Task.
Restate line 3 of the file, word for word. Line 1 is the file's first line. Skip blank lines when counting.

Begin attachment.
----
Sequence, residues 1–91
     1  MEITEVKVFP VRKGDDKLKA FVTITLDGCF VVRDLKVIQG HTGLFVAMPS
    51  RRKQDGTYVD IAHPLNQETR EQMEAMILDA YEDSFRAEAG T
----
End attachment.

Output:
    51  RRKQDGTYVD IAHPLNQETR EQMEAMILDA YEDSFRAEAG T